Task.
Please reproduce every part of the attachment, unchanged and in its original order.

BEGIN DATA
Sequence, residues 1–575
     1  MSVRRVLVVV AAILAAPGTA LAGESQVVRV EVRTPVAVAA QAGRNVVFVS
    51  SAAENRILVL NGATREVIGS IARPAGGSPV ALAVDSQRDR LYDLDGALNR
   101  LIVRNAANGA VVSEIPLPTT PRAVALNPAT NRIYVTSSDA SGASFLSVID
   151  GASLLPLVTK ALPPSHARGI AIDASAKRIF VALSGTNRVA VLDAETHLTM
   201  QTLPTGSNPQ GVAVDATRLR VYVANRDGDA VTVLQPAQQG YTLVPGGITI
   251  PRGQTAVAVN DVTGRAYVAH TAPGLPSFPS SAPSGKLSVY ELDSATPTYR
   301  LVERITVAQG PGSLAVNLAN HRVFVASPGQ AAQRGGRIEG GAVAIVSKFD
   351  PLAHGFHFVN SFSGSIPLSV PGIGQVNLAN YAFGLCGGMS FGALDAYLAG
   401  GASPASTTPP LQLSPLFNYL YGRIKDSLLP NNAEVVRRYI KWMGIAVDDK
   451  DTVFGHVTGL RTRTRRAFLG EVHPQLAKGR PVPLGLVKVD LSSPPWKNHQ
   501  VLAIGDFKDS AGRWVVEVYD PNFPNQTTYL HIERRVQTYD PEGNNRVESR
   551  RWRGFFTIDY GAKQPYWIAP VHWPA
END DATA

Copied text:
Sequence, residues 1–575
     1  MSVRRVLVVV AAILAAPGTA LAGESQVVRV EVRTPVAVAA QAGRNVVFVS
    51  SAAENRILVL NGATREVIGS IARPAGGSPV ALAVDSQRDR LYDLDGALNR
   101  LIVRNAANGA VVSEIPLPTT PRAVALNPAT NRIYVTSSDA SGASFLSVID
   151  GASLLPLVTK ALPPSHARGI AIDASAKRIF VALSGTNRVA VLDAETHLTM
   201  QTLPTGSNPQ GVAVDATRLR VYVANRDGDA VTVLQPAQQG YTLVPGGITI
   251  PRGQTAVAVN DVTGRAYVAH TAPGLPSFPS SAPSGKLSVY ELDSATPTYR
   301  LVERITVAQG PGSLAVNLAN HRVFVASPGQ AAQRGGRIEG GAVAIVSKFD
   351  PLAHGFHFVN SFSGSIPLSV PGIGQVNLAN YAFGLCGGMS FGALDAYLAG
   401  GASPASTTPP LQLSPLFNYL YGRIKDSLLP NNAEVVRRYI KWMGIAVDDK
   451  DTVFGHVTGL RTRTRRAFLG EVHPQLAKGR PVPLGLVKVD LSSPPWKNHQ
   501  VLAIGDFKDS AGRWVVEVYD PNFPNQTTYL HIERRVQTYD PEGNNRVESR
   551  RWRGFFTIDY GAKQPYWIAP VHWPA